Are you getting married soon? Or maybe you’ve recently just got married. Scared right? Or maybe not scared Per Se. You’re anxious. You might be thinking: ‘Am I making the right decision? Will I be able to hang out with my friends after getting hitched? Will I have my free-times?’ Calm down. Take a deep breath.
Marriage and family therapist Paul Hokemeyer, J.D., Ph.D., explains, “Even the most well-adjusted and secure people experience some level of fear and anxiety about their marriage. It’s a major developmental milestone that marks the end of our adolescence and entry into adulthood.”
Rather than projecting all the ways in which our coupledom might go wrong, Hokemeyer underscores the importance of communicating to our partners what’s going on in our heads. “The key is to be honest with your spouse,” Hokemeyer says. “If you’re feeling down, open up. Let them know it’s not about them. And trust that this insecurity will fade over time as the foundation of your marriage gets deeper and wider.”
For anyone approaching “I do,” feeling like you’re about to become someone vastly different than whom you were prior to exchanging vows may sound familiar. It’s actually pretty normal to feel that way—in large part because it’s a legit possibility. The new family you’re marring into may take up more of your time, you could have fewer incentives to go out with your single friends, and maybe you’re planning for kids, which is, frankly, the biggest life change possible.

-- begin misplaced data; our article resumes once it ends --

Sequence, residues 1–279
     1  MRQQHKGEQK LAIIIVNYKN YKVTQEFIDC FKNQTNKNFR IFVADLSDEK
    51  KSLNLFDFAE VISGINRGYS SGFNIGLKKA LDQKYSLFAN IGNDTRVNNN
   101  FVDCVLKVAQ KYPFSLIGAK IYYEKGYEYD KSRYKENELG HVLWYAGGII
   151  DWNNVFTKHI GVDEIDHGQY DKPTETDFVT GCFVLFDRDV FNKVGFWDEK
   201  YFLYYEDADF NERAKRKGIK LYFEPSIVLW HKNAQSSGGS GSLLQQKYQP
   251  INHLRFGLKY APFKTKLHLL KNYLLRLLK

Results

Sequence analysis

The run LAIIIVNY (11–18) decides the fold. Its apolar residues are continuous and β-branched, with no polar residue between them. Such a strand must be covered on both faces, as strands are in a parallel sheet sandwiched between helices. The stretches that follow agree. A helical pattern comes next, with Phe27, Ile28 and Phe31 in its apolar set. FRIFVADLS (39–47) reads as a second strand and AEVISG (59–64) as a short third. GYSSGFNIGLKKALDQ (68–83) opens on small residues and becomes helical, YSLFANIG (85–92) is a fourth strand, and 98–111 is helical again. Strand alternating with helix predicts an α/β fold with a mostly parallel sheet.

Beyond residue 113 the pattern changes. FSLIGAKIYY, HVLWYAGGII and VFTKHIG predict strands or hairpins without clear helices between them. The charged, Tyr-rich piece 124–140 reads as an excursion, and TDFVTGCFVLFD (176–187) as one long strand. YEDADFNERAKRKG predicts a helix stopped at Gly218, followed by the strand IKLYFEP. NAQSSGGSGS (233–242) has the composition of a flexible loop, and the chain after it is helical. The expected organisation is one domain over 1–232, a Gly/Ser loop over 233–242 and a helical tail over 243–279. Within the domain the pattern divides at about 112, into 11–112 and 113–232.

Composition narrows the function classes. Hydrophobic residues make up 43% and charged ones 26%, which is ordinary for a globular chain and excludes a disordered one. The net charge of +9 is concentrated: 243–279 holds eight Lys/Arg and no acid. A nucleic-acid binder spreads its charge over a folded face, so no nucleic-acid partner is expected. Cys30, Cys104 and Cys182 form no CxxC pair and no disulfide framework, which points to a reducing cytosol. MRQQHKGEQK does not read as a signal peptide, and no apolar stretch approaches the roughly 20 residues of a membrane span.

These thoughts might constantly come to play in your head:
- The fear of cheating on each other
- The fear of emulating your parents’ marriage (distance, fighting, loveless marriage)
- The fear of falling out of love
- The fear of the unknown (What will marriage be like? Will everything change after we get married?)
- What if I don’t love him/her enough?
- What if I’m making a mistake?
- What if there really is something wrong with my relationship and this isn’t anxiety but my instinct telling me to get out?
Your Relationship might be healthy with a loving, honest and responsible partner with whom you share values and a special connection. This isn’t gut instinct; this is fear gone awry.
If you take a look at the list of the marriage fears you’ll see that they actually simmer down to one fear: the fear of loss. We’ve all been hurt in our lives and we all know that committed relationships require risking our hearts and opening to the possibility of loss. Most people harbor an unconscious message that says love equals loss, and unless this belief is brought to the surface and worked with consciously, it will determine your actions.
And if your response is, “Don’t get married,” save your breath; that’s fear in the driver’s seat and if you listened to that voice you would be denying yourself the possibility of a lifetime of immense richness that can arise when you take the risk of committing to a shared life. As Kate Kerrigan writes in Recipes for a Perfect Marriage, “You can make a commitment to love, but you cannot truly love without commitment.”
So it s normal to get scared. You being anxious is not a sign that you ain’t making the right decision. Talk to your partner about your fears. Ask yourself sincerely if he/she is worth spending forever with? You could also confide in a marriage counselor or someone you completely trust.
Do you agree with me on this?
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